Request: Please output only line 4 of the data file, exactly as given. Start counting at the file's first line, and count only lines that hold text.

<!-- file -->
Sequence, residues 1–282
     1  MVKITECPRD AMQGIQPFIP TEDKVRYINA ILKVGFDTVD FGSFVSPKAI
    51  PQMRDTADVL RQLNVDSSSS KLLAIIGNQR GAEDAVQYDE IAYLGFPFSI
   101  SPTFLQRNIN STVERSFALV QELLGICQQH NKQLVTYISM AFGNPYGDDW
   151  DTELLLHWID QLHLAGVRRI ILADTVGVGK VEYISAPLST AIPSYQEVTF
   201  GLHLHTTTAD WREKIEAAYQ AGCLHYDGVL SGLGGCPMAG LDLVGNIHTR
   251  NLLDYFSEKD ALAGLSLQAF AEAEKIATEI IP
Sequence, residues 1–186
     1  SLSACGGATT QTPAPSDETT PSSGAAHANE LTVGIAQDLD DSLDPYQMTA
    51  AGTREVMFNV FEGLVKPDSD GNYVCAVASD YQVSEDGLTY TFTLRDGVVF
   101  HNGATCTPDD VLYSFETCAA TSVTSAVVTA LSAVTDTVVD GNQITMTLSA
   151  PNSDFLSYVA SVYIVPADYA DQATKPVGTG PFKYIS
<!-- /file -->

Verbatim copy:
   101  SPTFLQRNIN STVERSFALV QELLGICQQH NKQLVTYISM AFGNPYGDDW